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Article > What London’s Crossrail Could Mean for Homeowners

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Over the coming years, London’s Crossrail project will handle the flow of millions of commuters going in and out of the city. The project, which will cost around £15bn and due to begin full operation in 2019, provides an eighty-five mile, east-to-west route across Greater London starting outside the city in Reading and finishing in Shenfield and Abbey Wood.

Whatever gets you out of bed on a Monday morning, the project should make your commute to-and-from work easier. Crossrail, themselves, proposed that the rail line could help create a £5.5bn boost to property values in residential and commercial real estate along the route by 2021. While property analysts can’t agree on the extent house prices will raise - projections vary from around 25 per cent to as high as 60 per cent - it’s unanimously agreed that those fortunate enough to already own properties along the route can expect to see a significant rise.

Critics have blasted the project as one of the major reasons there is such a disparity between the average price of a UK home outside the capital - around £270k - to the price expected for one within city limits - around £510k. It’s estimated that London now makes up 35 per cent of Britain’s property wealth and that figure is expected to reach 40 per cent by 2017. In comparison to when the project was first announced in 2008, property prices along the central London Crossrail stations have risen by more than 30 per cent and are expected to continue to rise by 2020.

Growth is not limited to the capital, however. Talks about extending the line outside the capital to Reading have been on the table since 2009, but since it was formerly announced in 2014 the price for a flat in the area have risen by around 10 per cent. The ability to more easily commute to the capital is predicted to make Reading one of the UK’s most desirable locations over the next few years. Prices of larger properties, in particular, have risen by around 60 per cent for a semi-detached house and 40 per cent for a detached home.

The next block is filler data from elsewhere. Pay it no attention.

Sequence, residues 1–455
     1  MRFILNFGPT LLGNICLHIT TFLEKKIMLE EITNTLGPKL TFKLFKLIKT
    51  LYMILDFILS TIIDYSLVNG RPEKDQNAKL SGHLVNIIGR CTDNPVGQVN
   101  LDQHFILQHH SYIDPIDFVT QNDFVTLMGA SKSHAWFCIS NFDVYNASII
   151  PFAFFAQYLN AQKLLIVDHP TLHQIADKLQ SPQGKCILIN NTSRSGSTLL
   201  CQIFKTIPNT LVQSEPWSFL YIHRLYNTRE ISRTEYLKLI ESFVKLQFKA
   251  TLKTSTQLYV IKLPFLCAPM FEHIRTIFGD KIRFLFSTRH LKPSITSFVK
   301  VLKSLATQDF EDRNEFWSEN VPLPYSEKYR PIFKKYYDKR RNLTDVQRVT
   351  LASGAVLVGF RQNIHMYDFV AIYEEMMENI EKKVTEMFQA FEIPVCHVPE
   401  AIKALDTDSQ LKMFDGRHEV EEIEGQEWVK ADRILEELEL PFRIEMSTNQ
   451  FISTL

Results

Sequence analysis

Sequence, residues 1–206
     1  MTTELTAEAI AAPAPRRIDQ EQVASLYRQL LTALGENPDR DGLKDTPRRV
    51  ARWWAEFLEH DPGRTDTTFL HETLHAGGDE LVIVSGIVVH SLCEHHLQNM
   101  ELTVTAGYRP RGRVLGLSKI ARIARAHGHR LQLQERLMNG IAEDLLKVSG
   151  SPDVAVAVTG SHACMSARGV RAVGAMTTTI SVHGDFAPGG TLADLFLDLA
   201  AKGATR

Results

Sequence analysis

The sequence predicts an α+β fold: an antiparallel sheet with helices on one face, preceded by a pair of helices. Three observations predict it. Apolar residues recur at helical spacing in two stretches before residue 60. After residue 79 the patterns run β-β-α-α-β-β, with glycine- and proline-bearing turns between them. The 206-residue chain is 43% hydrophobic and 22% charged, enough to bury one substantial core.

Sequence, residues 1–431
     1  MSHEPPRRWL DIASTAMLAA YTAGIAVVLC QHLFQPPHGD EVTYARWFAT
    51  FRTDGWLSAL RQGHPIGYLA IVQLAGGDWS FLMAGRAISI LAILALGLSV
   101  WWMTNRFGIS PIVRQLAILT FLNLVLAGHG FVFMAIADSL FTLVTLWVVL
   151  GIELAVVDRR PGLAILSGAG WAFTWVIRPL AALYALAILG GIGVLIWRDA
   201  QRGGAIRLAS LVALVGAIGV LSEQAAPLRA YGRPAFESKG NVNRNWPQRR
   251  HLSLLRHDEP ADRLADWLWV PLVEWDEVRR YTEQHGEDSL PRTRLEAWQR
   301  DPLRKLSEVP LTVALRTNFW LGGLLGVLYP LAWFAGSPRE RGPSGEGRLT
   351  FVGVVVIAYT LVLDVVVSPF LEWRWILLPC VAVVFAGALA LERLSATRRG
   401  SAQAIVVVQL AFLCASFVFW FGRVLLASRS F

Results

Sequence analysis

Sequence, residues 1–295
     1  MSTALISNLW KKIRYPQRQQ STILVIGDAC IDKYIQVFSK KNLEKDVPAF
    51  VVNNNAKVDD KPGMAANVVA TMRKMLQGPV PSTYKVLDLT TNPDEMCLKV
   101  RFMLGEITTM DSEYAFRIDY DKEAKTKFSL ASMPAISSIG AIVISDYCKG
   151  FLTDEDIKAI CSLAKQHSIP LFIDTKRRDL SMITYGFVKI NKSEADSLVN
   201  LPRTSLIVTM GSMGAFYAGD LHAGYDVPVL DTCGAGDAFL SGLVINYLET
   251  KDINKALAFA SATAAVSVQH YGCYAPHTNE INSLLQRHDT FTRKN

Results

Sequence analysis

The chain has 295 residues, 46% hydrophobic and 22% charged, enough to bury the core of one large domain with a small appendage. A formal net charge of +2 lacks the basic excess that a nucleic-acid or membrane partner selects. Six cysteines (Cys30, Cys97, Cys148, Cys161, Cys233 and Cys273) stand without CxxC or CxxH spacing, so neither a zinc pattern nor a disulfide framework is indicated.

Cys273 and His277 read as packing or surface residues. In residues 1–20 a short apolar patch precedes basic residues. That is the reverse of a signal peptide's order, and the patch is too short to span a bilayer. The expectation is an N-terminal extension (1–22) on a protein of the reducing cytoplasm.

London has now become the world’s most expensive city, overtaking Hong Kong, and as resources continue to flood into the capital, property buyers and renters alike may be pushed outside the city limits. Those who are now out priced of locations around the original Crossrail are looking at the locations surrounding the next proposal. If Crossrail 2, which would not be completed until at least 2030, was to be approved a route north-to-south through Greater London would also be established. Property investors are already taking risks on nearby locations. There is an increased demand for local realtors like Featherstone Leigh, as areas that would follow the route, such as Twickenham, Kingston-upon-Thames, and Clapham Junction are expected to rise between 30 to 40 percent over the next several years.


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